Wednesday, September 4, 2019

TH1RT3EN by Steve Cavanagh


TH1RT3EN  by Steve Cavanagh
This one will keep you up far into the night.  The plot is diabolical. So is the killer. 
Eddie Flynn is the one person who believes the actor accused of killing his wife and her body guard is innocent.   The bodies are falling fast and thick.  The plot twists are delicious.
For a mystery with lots of deaths this one is free of sex, unwarranted violence and curse words. Just a really good story.
5 of  5 stars

Friday, August 30, 2019

THE HUNDRED YEAR HOUSE by Rebecca Makkai


THE HUNDRED YEAR HOUSE by Rebecca Makkai
I made it through 150 pages before deciding I didn’t really care about these people and their foibles and meandering progress through what passed for life. A failed writer, a failed artist, a failed mother, a failed son – who cares. 
The writing is lovely, the story failed.
3 of 3 stars

Monday, August 26, 2019

A Better Man by Louise Penny


A BETTER MAN  by Louise Penny
I have only one other Armand Gamache mystery. This one convinces me I should read more!
Armand is back at work, demoted and brushed aside for another – his son-in-law!  A flood is happening and Three Pines is in the crosshairs. A woman is missing and her husband, who may be a murderer, is unconcerned. A new agent is pushing for Gamache to take over the case. The missing woman’s father is threatening to murder the husband. And then there is the dog.
Oh my – all these plot points and we are only in the first few pages.  The tension doesn’t stop until the last page in this engrossing mystery.  Penny keeps the tension alive with just enough red herrings and plot twists to compel reading far into the night.
A well written, engrossing mystery with a familiar character in a new and uncomfortable situation.
5 of 5 stars

ELLIE AND THE HARPMAKER by Hazel Prior


ELLIE AND THE HARPMAKER  by Hazel Prior
This is a lovely book.  Ellie, married to a controlling husband, meets Dan, who lives in solitary splendor meticulously carving exquisite harps.
The writing is detailed and engaging.  Prior uses words to describe the woods and creatures surrounding the harp barn with great charm.  Her characters grow and become clear as the story progresses.  Although she never uses any words to indicate Dan is autistic (or at least on the spectrum), it is readily apparent through her word pictures. She writes with sympathy and tenderness about her characters allowing the reader to see them change and develop with her eyes. 
As the tale unfolds danger and fear emerge, but the overriding feeling is always sympathy and gentleness.
A good book for groups interested in music, woodworking, nature, personality development, marriage, autism, forgiveness, family dynamics, and love.
5 of 5 stars

Saturday, August 10, 2019

THE GRAVE ROBBER"'S SECRET by Anna Myers


THE GRAVE ROBBER’S SECRET by Anna Myers
I have read and enjoyed other books by Anna Myers. This one left me slightly off kilter. It wasn’t bad or poorly written, I was just uncertain to the point of the book.  The ending didn’t seem to have a conclusion and for a middle grader book, there was no clear right and wrong.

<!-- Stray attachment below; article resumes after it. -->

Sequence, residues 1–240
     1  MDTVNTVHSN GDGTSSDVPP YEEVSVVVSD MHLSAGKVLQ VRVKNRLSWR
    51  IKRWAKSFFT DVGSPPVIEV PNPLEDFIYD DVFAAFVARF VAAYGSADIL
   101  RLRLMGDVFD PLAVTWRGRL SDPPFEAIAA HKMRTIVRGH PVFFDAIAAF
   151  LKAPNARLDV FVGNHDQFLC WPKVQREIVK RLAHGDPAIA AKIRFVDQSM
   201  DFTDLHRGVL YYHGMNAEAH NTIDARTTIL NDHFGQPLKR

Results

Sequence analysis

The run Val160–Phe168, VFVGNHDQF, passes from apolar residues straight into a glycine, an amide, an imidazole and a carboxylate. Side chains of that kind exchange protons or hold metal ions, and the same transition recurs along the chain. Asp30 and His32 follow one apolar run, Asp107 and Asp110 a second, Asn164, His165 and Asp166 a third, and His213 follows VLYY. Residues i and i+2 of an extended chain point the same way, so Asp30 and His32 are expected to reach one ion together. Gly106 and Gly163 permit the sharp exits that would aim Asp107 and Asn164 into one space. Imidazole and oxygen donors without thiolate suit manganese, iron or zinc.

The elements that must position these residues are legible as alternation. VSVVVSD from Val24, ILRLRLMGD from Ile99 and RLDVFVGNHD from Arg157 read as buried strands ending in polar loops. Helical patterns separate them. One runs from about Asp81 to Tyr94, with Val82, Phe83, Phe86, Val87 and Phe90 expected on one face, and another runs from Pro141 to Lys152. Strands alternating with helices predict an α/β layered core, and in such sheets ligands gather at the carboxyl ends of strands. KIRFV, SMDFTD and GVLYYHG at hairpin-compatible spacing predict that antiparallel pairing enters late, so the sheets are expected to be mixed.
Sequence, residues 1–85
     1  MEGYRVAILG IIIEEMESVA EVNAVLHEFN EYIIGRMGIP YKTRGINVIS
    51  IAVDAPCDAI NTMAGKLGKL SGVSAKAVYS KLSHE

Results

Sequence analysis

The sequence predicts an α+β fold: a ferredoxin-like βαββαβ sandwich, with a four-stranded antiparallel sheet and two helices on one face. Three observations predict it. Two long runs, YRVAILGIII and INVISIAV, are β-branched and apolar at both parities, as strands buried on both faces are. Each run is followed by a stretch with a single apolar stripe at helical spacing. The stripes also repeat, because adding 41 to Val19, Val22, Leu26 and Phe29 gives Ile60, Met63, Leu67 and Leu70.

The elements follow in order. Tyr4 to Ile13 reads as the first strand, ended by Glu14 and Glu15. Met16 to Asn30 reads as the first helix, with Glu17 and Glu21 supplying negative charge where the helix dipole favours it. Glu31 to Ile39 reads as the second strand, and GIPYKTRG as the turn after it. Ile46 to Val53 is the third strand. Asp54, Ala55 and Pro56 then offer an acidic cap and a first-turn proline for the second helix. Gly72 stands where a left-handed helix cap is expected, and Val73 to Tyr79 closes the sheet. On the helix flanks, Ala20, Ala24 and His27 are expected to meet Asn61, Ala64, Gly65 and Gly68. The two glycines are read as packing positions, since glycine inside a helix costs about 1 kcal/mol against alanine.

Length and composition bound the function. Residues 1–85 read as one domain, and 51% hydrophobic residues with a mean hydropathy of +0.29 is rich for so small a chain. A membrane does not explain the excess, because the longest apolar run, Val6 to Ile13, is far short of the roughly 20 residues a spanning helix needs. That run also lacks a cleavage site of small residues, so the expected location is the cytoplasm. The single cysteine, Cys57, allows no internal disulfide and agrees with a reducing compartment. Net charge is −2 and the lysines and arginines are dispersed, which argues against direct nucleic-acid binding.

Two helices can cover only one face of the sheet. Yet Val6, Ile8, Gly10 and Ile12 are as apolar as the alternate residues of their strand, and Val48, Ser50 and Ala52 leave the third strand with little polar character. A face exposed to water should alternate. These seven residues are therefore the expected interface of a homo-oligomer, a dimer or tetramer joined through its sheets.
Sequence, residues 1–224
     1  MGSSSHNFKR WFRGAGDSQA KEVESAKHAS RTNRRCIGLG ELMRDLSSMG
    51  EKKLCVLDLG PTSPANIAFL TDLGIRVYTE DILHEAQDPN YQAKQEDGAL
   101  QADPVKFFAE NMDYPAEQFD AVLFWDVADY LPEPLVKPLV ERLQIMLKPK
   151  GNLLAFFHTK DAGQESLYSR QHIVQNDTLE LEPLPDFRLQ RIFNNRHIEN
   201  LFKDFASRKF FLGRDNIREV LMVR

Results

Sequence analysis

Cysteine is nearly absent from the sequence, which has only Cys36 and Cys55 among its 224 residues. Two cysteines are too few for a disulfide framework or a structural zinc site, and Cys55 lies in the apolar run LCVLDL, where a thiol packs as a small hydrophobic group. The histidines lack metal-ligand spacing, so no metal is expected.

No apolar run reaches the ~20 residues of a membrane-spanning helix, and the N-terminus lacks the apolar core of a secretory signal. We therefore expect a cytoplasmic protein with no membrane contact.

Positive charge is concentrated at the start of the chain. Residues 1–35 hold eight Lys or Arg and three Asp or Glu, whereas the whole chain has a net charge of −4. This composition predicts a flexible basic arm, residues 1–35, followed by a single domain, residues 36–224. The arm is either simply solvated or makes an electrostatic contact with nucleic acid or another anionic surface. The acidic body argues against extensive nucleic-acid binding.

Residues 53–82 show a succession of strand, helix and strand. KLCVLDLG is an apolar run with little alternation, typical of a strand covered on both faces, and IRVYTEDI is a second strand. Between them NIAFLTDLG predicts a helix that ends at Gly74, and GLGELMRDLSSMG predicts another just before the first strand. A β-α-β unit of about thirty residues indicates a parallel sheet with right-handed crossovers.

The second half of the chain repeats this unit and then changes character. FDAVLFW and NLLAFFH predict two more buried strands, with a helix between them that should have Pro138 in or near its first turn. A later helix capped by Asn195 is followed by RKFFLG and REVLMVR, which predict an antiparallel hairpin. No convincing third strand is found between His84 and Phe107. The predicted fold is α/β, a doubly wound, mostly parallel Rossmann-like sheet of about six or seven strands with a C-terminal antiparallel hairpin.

Robby’s Pa takes him with him to rob a grave. They sell the body to a hospital for teaching purposes, but Robby is very disconcerted by stealing the body and defiling it. He thinks about the family whose loved one is now being dissected. 
Right, wrong, the value of education, concern for others, empathy, all come into play as the book proceeds. Because the book caused such ambivalent feelings, I am hesitant to recommend it. Parents may want to read and discuss the book with their preteens.
3 of 5 stars with reservations

DUMPLIN' by Julie Murphy


DUMPLIN’  by Judy Murphy
This book is not PC.  A teenage girl is called Dumplin’ by her mother who constantly reminds her how fat she is and how pretty she would be if she just lost some weight. 
Dumplin’ and her friends decide to enter the beauty contest Dumplin’s mother runs and had won many years before. Hilarity runs rampant as the young women (one fat, one disabled, one perhaps autistic and one gay) prepare their talent acts and wardrobes. 
This could have been awful. It was not. It becomes a sensitive and empathetic tale of young women learning to love themselves and accept others.  Oh, and there is also a gentle love story. This would be great book for a mother/parent book club.
4 of 5 stars

A BEND IN THE STARS by Rachel Barenbaum


A BEND IN THE STARS  by Rachel Barenbaum
Relativity and Russia star in this detailed novel of science and politics.  Siblings Vanya (male, older, trying to prove Einstein’s Theory of Relativity) and Miri (female, a surgeon in a man’s field, following her deserter fiancĂ©e) flee across Russia trying to stay alive long enough to prove Vanya’s theory by photographing a solar eclipse as World War I begins.
You do NOT need to understand the Theory of Relativity to enjoy this epic novel while meandering through Russia. A triangular love story ensues when Miri saves a Jewish mystery man who then falls in love with her.  The story is really the love story and the chase for a photo of the eclipsed sun all while being chased by a murderous villain.
The details are all there. The science is understandable, the characters are likeable (or detestable), the country is unmanageable, the climax is heart pounding. An enjoyable, if lengthy, read.
4 of 5 stars